However, "'"[a] contract is binding only upon
parties to a contract and those in privity with
them."'" Gilchrist v. Saxon Mtge.
Servs., 10th Dist. Franklin No. 12AP-556, 2013-Ohio-949,
¶ 23, quoting DVCC, Inc. v. Med. College of
Ohio, 10th Dist. Franklin No. 05AP-237, 2006-Ohio-945,
¶ 19, quoting Samadder v. DMF of Ohio, Inc.,
154 Ohio App.3d 770, 2003-Ohio-5340, ¶ 25 (10th Dist.).
On appeal, Vancrest does not dispute that Mullenhour did not
execute the contract in her personal capacity; rather, it
concedes that Mullenhour executed the contract in her
representative capacity as attorney in fact for Hohlbein.
(See Appellant's Brief at 8); (Appellant's
Reply Brief at 2, 4). Compare Gilchrist at ¶
18. Accordingly, because Mullenhour (in her personal
capacity) was not a party to the contract, Vancrest
acknowledges that its ability to recover from Mullenhour for
Hohlbein's failure to pay is limited. Accord
Huntington Natl. Bank v. A & J Plumbing,
Inc., 11th Dist. Geauga No. 2011-G-3021, 2012-Ohio-526,
¶ 27. See Extendicare Health Servs., Inc.
v. Dunkerton, 11th Dist. Portage No. 2015-P-0004,
2017-Ohio-427, ¶ 28. See also Gilchrist at
¶ 23. Nonetheless, Vancrest asserts that an avenue for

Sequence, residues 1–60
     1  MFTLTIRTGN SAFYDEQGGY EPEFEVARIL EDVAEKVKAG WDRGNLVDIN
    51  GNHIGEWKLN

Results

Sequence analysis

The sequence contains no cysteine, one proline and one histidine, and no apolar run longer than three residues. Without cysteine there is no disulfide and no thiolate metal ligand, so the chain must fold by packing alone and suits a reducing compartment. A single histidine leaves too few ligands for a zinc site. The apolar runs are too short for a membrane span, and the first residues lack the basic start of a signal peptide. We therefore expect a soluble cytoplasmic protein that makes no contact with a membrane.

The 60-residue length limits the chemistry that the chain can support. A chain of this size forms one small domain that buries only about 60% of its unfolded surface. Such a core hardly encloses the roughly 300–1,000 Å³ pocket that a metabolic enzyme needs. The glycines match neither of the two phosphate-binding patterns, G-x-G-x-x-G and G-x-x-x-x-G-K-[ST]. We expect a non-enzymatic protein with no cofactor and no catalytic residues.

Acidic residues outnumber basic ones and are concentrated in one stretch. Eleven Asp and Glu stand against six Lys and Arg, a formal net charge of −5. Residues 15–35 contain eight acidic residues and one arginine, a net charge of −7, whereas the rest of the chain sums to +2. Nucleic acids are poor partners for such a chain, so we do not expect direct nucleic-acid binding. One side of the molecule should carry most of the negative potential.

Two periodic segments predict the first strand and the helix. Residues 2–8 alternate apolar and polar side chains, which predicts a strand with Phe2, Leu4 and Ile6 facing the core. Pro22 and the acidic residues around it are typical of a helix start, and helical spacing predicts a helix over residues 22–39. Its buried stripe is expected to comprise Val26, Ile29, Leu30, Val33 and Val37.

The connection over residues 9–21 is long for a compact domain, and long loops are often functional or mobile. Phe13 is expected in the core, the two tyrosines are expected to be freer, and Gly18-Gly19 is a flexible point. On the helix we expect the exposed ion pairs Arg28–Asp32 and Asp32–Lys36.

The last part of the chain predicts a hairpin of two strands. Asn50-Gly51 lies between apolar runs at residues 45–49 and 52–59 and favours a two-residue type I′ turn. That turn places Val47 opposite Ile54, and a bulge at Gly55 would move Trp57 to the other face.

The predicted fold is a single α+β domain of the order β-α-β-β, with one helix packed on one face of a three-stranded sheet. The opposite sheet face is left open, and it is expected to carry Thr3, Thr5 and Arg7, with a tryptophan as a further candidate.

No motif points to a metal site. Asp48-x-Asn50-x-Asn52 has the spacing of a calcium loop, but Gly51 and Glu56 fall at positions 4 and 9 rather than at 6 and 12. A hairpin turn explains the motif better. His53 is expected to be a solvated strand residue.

recovery exists under R.C. 1337.092.
R.C. 1337.092 provides, in its relevant part, that "the
attorney in fact is not personally liable on the contract,
unless the contract otherwise specifies." R.C.
1337.092(A). The statute also sets forth exceptions to that
general rule and provides, in its relevant part, as follows:
(B) An attorney in fact is not personally liable for a debt
of the attorney in fact's principal, unless one or more
of the following applies:
(1) The attorney in fact agrees to be personally responsible
for the debt.
* * *
(3) The negligence of the attorney in fact gave rise to or
resulted in the debt.
1337.092(B)(1), (3). In this case, Vancrest contends that
Mullenhour could be held personally liable for Hohlbein's
debt (1) because "the [contract] specifically provided
for personal liability" or (2) because Mullenhour's
negligence gave rise to or resulted in the debt.
As an initial matter, Mullenhour contends that Vancrest
waived any argument relative to R.C. 1337.092 for purposes of
appeal because it did not raise the applicability of the
statute in its second amended complaint or in its
case-in-chief. "An appellant cannot change the theory of
his case and present new arguments for the first time on
appeal." Gilchrist at ¶ 22, citing
Havely v. Franklin Cty., 10th Dist. Franklin No.
07AP-1077, 2008-Ohio-4889, ¶ 53, fn. 3 and Brewer v.
Brewer, 10th Dist. Franklin No. 09AP-146,
2010-Ohio-1319, ¶ 23. See also Dunkerton at
¶ 31 ("Due process requires notice and an
opportunity to be heard at a meaningful time and in
sufficient time to permit a party to defend the allegations
against him."), citing Bd. of Trustees of Columbia
Twp. v. Albertson, 9th Dist. Lorain No. 01 CA007785,
2001 WL 1240135, *5 (Oct. 17, 2001), citing State v.
Hochhausler,76 Ohio St.3d 455, 459 (1996), and citing
W. Chester Twp. Bd. of Trustees v. Speedway Superamerica,
L.L.C, 12th Dist. Butler No CA2006-05-104,
2007-Ohio-2844, ¶ 43. "Generally, ...